It’s not around the corner, but it’s in sight
Jan Jensen, PhD, the first to hold the Eddie J. Brandon Endowed Chair for Diabetes Research, came to Cleveland Clinic two and a half years ago to work toward the goal of finding a cure for type 1 diabetes.
Dr. Jensen, 42, is certain the disease will be cured in his lifetime. He says there’s been accelerated movement toward that end since 2006, when Japanese physician and stem cell researcher Shinya Yamanaka and his team turned the scientific world on its ear by generating cells believed to be identical to embryonic stem cells.
Embryonic stem cells can differentiate into any type of cell, including – and this is the focus of Dr. Jensen’s work – insulin-producing pancreatic cells.
Dr. Jensen is working on a different track from that of Dr. Yamanaka’s team. The Japanese researchers employed genes to help cells become undifferentiated – for example, reverting an adult skin cell to a state nearly identical to that of an embryonic stem cell. This is new science, but if it can be perfected, there would be an unlimited source of stem cells without the use of human embryos.
Dr. Jensen’s research involves learning how to coax these newly undifferentiated cells to become insulin-producing beta cells, also known as islet cells.
“These beta cells are ‘the Holy Grail,’” says Dr. Jensen, who feels an obligation to help the millions of people who grapple with type 1 diabetes. Islet cell transplantation is not the answer because there are not enough donors, he says. Instead, “We need a universal source of insulin cells. Like going to the supermarket and picking up 2 grams of islet cells.”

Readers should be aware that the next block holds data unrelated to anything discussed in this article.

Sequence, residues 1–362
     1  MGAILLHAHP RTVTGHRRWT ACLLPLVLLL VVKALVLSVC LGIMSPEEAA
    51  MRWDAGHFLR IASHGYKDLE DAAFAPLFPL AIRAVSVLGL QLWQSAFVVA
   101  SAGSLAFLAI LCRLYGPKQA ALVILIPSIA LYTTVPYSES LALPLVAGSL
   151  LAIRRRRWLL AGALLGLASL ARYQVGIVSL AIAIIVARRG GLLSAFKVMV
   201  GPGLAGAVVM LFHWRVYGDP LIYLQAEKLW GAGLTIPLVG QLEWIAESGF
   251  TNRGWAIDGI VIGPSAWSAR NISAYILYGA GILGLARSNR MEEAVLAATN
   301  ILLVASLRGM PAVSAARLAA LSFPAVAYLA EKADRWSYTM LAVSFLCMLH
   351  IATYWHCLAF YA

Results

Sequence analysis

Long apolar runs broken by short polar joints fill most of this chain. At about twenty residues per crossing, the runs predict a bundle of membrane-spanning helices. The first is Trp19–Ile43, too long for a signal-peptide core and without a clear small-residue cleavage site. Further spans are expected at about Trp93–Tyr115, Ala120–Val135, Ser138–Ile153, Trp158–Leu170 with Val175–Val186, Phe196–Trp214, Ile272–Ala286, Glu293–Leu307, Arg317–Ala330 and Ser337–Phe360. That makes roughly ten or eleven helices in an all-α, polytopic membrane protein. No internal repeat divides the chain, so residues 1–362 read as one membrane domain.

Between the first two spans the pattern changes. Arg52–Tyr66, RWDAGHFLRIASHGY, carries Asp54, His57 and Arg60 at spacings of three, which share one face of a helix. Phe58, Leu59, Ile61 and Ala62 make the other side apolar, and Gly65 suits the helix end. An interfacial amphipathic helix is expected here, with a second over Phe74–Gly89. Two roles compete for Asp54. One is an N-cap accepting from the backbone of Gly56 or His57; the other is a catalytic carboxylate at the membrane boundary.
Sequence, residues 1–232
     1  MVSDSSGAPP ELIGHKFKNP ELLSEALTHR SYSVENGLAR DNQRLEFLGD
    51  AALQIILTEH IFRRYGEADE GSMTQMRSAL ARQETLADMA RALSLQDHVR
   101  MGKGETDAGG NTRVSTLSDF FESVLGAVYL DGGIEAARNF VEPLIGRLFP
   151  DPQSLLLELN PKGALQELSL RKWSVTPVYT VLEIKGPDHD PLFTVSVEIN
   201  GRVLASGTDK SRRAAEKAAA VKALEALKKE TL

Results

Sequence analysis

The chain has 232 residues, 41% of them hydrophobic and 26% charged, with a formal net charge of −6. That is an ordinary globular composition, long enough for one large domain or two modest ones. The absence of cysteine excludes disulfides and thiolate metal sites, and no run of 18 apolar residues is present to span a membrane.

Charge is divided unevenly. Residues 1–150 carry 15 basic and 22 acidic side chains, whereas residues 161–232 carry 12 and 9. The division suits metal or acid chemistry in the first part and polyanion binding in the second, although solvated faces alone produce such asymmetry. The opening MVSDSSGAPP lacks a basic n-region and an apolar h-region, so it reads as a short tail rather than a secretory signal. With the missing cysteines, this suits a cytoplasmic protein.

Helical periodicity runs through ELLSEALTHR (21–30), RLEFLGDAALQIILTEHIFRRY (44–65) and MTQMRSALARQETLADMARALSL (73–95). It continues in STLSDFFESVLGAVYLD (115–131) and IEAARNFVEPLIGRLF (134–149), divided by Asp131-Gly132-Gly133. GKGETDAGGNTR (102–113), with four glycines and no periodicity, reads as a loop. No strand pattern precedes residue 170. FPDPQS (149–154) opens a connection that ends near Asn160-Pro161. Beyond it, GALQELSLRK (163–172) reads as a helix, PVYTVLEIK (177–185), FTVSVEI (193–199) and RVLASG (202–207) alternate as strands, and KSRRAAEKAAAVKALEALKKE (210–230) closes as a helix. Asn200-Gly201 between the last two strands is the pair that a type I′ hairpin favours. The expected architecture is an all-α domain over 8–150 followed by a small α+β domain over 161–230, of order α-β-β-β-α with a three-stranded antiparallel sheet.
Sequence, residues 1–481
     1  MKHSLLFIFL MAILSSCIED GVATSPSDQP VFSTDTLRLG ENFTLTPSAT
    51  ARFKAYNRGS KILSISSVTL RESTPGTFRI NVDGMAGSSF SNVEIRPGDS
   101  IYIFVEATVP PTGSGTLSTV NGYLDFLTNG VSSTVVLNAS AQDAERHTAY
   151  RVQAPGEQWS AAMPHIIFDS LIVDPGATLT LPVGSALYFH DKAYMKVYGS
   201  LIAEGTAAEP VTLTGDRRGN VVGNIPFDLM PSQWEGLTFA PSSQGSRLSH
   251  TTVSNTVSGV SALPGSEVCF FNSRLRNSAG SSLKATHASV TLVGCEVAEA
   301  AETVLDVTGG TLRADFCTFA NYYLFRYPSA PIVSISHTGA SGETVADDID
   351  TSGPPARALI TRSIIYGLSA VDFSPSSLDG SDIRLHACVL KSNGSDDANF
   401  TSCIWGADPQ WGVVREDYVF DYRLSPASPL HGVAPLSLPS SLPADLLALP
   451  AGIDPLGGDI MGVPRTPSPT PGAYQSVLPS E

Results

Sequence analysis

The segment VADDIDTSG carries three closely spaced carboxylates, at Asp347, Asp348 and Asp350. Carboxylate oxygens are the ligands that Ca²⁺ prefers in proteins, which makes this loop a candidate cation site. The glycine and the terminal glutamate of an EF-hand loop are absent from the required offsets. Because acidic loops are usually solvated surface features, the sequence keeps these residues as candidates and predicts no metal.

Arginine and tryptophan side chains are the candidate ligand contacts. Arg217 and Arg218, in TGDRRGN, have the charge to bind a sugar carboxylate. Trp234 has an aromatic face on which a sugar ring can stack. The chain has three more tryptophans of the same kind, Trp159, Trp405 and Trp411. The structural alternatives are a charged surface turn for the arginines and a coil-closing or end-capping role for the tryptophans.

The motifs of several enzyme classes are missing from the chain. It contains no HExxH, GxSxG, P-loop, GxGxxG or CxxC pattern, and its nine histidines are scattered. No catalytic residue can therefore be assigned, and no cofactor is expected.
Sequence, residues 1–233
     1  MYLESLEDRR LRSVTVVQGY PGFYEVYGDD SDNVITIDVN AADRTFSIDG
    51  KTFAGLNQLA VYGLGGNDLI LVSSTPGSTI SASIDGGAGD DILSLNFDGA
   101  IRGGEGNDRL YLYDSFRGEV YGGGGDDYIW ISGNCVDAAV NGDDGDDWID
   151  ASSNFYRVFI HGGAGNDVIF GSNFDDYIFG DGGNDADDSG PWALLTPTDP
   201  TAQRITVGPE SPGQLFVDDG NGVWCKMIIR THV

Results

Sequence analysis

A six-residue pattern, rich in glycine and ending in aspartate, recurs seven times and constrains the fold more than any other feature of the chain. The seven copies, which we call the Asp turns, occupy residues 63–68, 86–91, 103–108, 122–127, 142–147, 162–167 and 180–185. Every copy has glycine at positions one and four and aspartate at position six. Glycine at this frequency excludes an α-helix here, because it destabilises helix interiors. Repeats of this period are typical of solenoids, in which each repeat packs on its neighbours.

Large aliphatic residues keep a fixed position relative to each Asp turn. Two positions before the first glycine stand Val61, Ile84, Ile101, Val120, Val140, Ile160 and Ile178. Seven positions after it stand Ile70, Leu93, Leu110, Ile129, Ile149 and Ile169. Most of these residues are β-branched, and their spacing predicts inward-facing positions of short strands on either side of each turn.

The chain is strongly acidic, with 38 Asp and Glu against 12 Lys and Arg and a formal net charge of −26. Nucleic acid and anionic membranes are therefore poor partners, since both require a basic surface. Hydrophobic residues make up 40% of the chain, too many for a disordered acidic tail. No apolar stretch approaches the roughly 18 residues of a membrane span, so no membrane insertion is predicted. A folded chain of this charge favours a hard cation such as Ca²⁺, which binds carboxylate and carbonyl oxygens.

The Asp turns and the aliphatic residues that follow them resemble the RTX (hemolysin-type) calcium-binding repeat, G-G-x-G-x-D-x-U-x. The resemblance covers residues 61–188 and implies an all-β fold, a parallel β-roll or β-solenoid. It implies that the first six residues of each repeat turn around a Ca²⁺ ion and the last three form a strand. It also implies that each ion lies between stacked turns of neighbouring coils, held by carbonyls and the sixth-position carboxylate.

That’s not as far-fetched as it may seem. Researchers around the world are working toward a cure for the disease. “I see a replacement cure in place,” he says. “It doesn’t have to be myself. I want to see my contribution somewhere along the trail that led to it.”
Dr. Jensen and five other researchers in his lab at Cleveland Clinic's Lerner Research Institute are studying 20 genes to understand how those genes affect the development or differentiation of cells. They’re also studying signaling cells that help lead an undifferentiated cell to develop into one kind of cell over another.
Their aim can be summed up in two words: cell therapy. In the case of type 1 diabetes, the insulin-producing cells of the pancreas no longer produce insulin. “We need to make new cells. We need to provide cells to produce the insulin of those cells that were lost,” Dr. Jensen says. “Type 1 diabetes is screaming for cell therapy.”
Endowed chairs, such as the Eddie J. Brandon Endowed Chair for Diabetes Research, help support activities in the lab and expand research. And they have another, even greater purpose, according to Dr. Jensen. “Chairs give researchers leeway to take chances they couldn’t otherwise take.” Research grants are earmarked for particular activities. “There’s very little room to simply take a big chance, to say, ‘This is exciting. Let’s see what happens.’”
But with endowed funding, “We can say, ‘Let’s try it and see what comes out,’” he says. “It can lead to breakthrough insight that you can’t get with conventional wisdom.”
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